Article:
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In #MeToo Win, Pakistani Court Allows Meesha Shafi to Pursue Defamation Case Against Ali Zafar

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Jan 21, 2022

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Image Credit: Coke studio

The Lahore High Court on Wednesday allowed Pakistani singer and actor Meesha Shafi to proceed with a civil defamation suit against singer and actor, Ali Zafar. Zafar had been accused of sexual harassment by Shafi and other women. Earlier, a lower sessions court had stayed the defamation proceedings against Zafar; an order that the Lahore High Court has now overturned.

Shafi first released a statement in 2018 when she came forward with her allegations against him. Since then, she and other survivors have gone through a long uphill legal battle.

“Following her statement, a handful of Pakistani women came forward sharing similar incidents of Zafar’s inappropriate behavior. However, as Shafi went public with her claim, she faced immense backlash and was shamed incessantly on social media,” Neha Maqsood noted in The Swaddle last year, on the difficulties that artists in Pakistan face in coming forward with sexual harassment complaints. “It worked to only further highlight the misogynistic attitudes still ubiquitous among the masses and the social and emotional cost of coming forward with such statements.”

Shafi had taken Zafar to court for allegedly sexually harassing her. Zafar then filed a criminal defamation suit against Shafi for the complaint, and included eight other individuals in his suit.

He then proceeded to make statements against the Shafi in 2019, prompting her to file her civil defamation suit against him for mental torture and agony. “[T]he truth is I was targeted for personal gains. I don’t know whether by doing this she wanted to become another Malala and get fame abroad,” he said. The statement attracted much criticism for mentioning Malala, when he added “Meesha cannot become her by lying and running away from justice, hiding behind fake profiles on social media.”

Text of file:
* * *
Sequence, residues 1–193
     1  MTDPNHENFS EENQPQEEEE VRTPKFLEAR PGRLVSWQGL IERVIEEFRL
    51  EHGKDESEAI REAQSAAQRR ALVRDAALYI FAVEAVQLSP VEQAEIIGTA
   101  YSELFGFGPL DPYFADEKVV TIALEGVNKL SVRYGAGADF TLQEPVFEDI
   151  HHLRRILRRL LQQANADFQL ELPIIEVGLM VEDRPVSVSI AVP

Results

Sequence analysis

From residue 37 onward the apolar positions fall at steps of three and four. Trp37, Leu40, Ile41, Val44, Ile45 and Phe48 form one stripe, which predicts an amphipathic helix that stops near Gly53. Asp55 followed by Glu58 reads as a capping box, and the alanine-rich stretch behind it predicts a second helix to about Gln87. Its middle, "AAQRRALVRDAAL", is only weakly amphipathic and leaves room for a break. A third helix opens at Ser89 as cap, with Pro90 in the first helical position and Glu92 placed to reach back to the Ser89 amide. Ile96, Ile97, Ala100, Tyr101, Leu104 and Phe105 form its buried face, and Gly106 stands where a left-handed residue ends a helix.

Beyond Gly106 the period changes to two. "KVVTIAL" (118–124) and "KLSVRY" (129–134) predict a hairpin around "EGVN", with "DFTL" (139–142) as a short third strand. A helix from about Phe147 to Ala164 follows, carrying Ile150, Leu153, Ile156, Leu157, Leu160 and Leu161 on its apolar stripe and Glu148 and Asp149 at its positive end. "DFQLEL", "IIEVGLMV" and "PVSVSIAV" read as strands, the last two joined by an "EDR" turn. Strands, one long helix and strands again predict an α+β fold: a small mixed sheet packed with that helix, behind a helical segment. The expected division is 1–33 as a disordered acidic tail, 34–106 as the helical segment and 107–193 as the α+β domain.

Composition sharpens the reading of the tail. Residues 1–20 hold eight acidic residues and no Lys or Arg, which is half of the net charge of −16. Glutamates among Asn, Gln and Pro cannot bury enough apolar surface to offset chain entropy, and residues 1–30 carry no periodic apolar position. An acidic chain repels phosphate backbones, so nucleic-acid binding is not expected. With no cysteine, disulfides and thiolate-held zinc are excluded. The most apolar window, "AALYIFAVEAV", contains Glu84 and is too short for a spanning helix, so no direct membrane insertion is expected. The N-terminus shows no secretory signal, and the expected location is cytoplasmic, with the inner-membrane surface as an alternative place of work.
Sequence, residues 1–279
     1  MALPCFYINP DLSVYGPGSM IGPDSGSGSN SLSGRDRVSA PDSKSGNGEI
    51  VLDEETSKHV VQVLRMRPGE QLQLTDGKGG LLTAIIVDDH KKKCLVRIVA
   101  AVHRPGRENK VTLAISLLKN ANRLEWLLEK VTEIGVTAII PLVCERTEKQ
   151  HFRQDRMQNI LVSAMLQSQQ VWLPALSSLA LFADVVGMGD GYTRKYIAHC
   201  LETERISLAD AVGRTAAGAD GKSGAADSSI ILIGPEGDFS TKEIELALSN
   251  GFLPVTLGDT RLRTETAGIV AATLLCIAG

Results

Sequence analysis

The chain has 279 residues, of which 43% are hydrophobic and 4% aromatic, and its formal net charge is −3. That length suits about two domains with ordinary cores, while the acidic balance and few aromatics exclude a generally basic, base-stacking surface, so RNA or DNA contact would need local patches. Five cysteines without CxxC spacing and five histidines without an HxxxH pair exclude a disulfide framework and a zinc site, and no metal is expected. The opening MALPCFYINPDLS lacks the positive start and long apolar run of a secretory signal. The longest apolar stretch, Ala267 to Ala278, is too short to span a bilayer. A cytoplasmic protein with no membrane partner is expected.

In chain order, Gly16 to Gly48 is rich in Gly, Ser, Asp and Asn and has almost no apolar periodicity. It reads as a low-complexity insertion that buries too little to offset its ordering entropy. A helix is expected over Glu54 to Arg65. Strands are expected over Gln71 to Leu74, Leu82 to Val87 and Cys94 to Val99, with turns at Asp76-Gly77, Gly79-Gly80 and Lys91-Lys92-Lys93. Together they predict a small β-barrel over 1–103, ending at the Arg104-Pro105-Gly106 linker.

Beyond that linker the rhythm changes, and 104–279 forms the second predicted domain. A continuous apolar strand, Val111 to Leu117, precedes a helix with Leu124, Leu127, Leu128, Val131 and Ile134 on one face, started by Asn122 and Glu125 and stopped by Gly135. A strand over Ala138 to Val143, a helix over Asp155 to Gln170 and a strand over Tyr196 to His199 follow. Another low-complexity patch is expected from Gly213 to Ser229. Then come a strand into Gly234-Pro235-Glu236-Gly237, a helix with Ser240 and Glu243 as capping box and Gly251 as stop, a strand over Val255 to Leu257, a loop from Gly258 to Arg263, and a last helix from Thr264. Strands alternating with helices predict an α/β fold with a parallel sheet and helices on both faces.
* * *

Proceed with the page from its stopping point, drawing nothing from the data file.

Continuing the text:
The current victory represents a small win in the protracted legal battle against Zafar. “It’s been an incredibly difficult 4 YRS for me and everyone standing by my side. It took us 4 long, discouraging years to get 1 single case going while being attacked by multiple cases which galloped along full speed ahead. This is not equality! [sic]” she tweeted.


Related on The Swaddle:

Pakistan’s Entertainment Industry Is Finally Confronting Its Sexual Harassment Problem


Leena Ghani is another survivor, who also initiated civil defamation proceedings against Zafar and was a character witness for Shafi in her case. She was also among the eight people included in Zafar’s FIR. There are currently three ongoing cases against Zafar. “At least this way he will go through what he put us through,” she told The Swaddle. Noting his connections and financial privileges, Ghani notes that it’s easy for men like Zafar to initiate legal action against others. But the counter defamation suits are, in a way, subversive because of how they put the accused through the same process as the accusers in such cases.

“We do realize there won’t be justice, even if there is it takes years for these cases to come to any conclusion. So the punishment is going to the courts… the whole process, it’s so frustrating, demeaning and exhausting that that itself is a punishment.”

Noting that Zafar had ample opportunity through the years to twist the narrative while asking for a gag order on Shafi, Ghani speaks of this moment as one that allows survivors like herself to reclaim the narrative. “I decided in January 2021 to file my cases… he has defamed me on TV, on radio, everywhere — that has impacted not just my career but my life, my relationships. If his credibility is important and has to be defended, why not mine? Why am I not important?”

The Lahore High Court’s decision to allow Shafi to proceed with her defamation suit thus represents a small avenue for justice, where several others have failed. The defamation suit also reverses the norm set by powerful men who are accused of sexual harassment; it sets a precedent for survivors to challenge the attacks on their credibility that both the accused and the media frequently indulge in and are allowed to get away with. That Shafi’s suit hasn’t been overturned, therefore, represents a significant moment in the case that sparked Pakistan’s #MeToo moment.

In many ways, the move is a small step towards keeping it alive. “It’s impossible for MeToo to die down. The only time MeToo is going to die out is when there’s no sexual harassment or violence against anyone,” Ghani says. “The thing about MeToo is that it holds everyone accountable.”

“The fight has just started… we’re not saying that we’ve won the cases. All we’re saying is that at least now we will be heard and don’t have to wait for his defamation suit to conclude… it gives us an opportunity to fight back in some way.”

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Written By Rohitha Naraharisetty

Rohitha Naraharisetty is an Associate Editor at The Swaddle. Previously, she was a freelance writer and independent researcher working in the intersection of gender, social movements, and international relations. She can be found on Instagram at @rohitha_97 or on Twitter at @romimacaronii.

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